New Gene Expression Research Could Have Implications for Aging

A surprising new finding about gene expression could increase our understanding of the aging process. Gene expression is the process by which the information contained within a gene becomes a useful product.

In a study published in the journal “Nucleic Acids Research,” Ithaca College Associate Professor of Biology Maki Inada and a group of students found that alterations to the enzyme RNA polymerase II had a significant effect on telomeres, which are known to play a role in the aging of cells.

“The integrity of the telomeres is definitely related to whether they are packaged correctly, and it does seem like we’re seeing a change in the packaging state,” said Inada.

Inada and her group made mutations to RNA polymerase II — an enzyme involved in reading the genetic code — to see how these changes affected splicing and ultimately the expression of genes. The research plan made perfect sense, but when the results started to roll in, something was amiss: Their alterations to RNA polymerase II had no impact on splicing at all. “It was quite disappointing at first,” Inada recalls.

Their initial frustration quickly fell away when they realized that a dramatic change had indeed occurred somewhere else. “We noticed that there were a lot of genes that were located near the ends of the chromosomes, which are called telomeres, and these genes were highly expressed compared to the other genes,” Inada describes. “It was something that we didn’t expect, and something that was kind of cool.”

In a nutshell, the genetic code is distributed among a set of thread-like chromosomes, each of which is shaped somewhat like an “X,” and each arm of the X is tipped with a telomere made of tightly packed material, known as chromatin.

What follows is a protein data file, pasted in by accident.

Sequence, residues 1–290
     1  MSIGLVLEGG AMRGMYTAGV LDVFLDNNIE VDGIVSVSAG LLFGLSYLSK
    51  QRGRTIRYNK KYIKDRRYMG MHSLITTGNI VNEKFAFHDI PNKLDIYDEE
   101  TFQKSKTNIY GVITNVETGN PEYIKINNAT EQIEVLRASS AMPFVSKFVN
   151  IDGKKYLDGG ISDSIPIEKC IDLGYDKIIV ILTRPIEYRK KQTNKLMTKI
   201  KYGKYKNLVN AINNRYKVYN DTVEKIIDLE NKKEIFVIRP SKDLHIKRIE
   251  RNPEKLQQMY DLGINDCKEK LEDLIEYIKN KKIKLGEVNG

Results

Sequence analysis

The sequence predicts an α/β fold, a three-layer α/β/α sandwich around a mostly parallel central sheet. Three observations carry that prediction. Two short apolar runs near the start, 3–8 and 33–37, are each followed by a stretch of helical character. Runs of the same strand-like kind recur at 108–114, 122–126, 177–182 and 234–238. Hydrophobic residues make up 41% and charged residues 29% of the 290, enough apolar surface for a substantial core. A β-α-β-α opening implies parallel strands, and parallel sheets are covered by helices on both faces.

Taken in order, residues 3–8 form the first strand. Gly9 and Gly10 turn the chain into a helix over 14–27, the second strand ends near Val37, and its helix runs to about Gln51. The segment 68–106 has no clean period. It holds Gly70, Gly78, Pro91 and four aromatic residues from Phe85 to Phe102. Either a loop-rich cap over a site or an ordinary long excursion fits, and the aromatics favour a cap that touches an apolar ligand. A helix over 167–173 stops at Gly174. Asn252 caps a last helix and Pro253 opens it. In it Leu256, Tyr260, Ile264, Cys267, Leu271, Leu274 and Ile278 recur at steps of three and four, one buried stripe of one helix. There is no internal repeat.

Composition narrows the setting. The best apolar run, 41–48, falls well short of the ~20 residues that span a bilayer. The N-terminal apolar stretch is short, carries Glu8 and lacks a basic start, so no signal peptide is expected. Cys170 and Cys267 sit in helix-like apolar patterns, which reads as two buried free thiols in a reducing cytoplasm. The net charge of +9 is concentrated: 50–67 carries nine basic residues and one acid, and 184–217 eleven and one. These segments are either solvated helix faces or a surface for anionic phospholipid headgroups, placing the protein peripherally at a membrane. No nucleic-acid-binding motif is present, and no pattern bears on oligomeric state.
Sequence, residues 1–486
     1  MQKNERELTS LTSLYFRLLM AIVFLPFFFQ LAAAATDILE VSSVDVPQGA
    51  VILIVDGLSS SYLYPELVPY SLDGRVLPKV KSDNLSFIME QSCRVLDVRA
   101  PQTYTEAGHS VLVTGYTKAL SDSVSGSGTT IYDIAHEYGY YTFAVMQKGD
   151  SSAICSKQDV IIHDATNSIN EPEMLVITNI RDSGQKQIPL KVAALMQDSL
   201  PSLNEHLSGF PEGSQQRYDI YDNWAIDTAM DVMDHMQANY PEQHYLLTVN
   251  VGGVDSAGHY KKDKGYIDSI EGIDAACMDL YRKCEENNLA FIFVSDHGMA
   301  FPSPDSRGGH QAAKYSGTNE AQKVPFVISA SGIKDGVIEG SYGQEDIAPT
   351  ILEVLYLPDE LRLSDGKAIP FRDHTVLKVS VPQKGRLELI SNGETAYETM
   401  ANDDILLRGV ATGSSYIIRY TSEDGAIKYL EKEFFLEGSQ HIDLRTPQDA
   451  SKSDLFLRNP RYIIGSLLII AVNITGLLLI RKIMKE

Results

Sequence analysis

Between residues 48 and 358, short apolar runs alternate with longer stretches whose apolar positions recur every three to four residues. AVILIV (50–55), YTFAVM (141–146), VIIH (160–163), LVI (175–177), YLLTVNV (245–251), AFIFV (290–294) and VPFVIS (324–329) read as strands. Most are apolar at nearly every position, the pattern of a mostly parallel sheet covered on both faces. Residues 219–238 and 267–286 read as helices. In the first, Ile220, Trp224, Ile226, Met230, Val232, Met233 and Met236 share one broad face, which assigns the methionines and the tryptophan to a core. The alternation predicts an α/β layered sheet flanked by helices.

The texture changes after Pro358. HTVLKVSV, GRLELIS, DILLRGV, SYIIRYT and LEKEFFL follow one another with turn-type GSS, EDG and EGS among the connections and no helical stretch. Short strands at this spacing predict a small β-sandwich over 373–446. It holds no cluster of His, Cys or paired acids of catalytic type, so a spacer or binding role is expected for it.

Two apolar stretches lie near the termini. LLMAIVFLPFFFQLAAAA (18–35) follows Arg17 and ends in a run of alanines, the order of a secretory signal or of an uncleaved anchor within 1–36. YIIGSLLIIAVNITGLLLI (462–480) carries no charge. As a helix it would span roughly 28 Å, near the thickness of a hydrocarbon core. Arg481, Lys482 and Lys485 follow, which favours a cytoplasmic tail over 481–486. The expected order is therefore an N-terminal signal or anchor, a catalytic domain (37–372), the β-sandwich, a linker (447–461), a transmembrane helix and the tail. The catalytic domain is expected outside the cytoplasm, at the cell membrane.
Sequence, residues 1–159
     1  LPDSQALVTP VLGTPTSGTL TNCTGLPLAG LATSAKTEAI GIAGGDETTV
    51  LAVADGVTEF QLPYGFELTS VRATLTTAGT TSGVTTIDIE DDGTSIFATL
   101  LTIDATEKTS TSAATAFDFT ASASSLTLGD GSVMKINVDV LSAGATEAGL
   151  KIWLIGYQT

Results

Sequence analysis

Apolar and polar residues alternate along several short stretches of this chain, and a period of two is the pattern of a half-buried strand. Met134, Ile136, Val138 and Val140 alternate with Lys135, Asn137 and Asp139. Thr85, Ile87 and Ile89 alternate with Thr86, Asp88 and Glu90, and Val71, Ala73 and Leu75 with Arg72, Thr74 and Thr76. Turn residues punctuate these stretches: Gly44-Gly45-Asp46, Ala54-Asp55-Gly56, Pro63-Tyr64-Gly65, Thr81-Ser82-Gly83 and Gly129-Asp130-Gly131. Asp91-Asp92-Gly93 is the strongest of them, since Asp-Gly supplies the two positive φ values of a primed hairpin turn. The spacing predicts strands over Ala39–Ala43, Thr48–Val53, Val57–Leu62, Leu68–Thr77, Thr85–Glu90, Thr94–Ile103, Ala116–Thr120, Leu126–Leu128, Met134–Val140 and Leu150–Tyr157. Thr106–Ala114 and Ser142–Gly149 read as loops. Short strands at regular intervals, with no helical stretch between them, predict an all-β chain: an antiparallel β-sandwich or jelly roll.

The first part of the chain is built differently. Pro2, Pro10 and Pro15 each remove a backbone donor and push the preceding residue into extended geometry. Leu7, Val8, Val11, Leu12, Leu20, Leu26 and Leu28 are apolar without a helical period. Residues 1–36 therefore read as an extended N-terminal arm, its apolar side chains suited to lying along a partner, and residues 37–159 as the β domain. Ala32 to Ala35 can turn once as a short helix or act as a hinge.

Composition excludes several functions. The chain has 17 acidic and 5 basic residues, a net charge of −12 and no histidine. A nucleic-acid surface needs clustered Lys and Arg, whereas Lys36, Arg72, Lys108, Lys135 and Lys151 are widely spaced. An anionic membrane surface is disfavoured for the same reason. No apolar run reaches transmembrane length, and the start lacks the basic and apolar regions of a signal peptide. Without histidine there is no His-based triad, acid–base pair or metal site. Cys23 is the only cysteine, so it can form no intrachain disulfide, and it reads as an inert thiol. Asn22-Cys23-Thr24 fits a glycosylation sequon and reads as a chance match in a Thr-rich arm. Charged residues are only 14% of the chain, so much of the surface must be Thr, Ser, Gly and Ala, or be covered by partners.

“Instead of affecting splicing like we thought they were going to do, we think these mutations might actually be affecting how well that chromatin is packaged at the telomeres,” said Inada.

This new understanding of gene expression invites speculation about potential implications for the aging process. Telomeres get shorter as a person gets older, and this causes cells to age and function improperly, which can lead to failing health.

“We haven’t investigated whether there’s a direct connection with aging, but that would be an interesting direction as a follow-up,” said Inada.

For now, her lab is focusing on the more fundamental question of the mechanism behind the gene expression at the telomeres, and is also continuing its work on splicing. She is doing some of this work in collaboration with other research groups at Cornell University, Weill Cornell Graduate School of Medical Sciences, Memorial Sloan-Kettering Cancer Center and the University of California, San Francisco.

Ruby Benn, one of the students involved in the research, graduated from Ithaca College in 2015 and is now studying to become a doctor at the Indiana University School of Medicine. She says that her experience helping with Inada’s research has proven beneficial.

“It taught me a lot of patience and to be open-minded, because what you expect to see may be completely different from the results you get,” said Benn.

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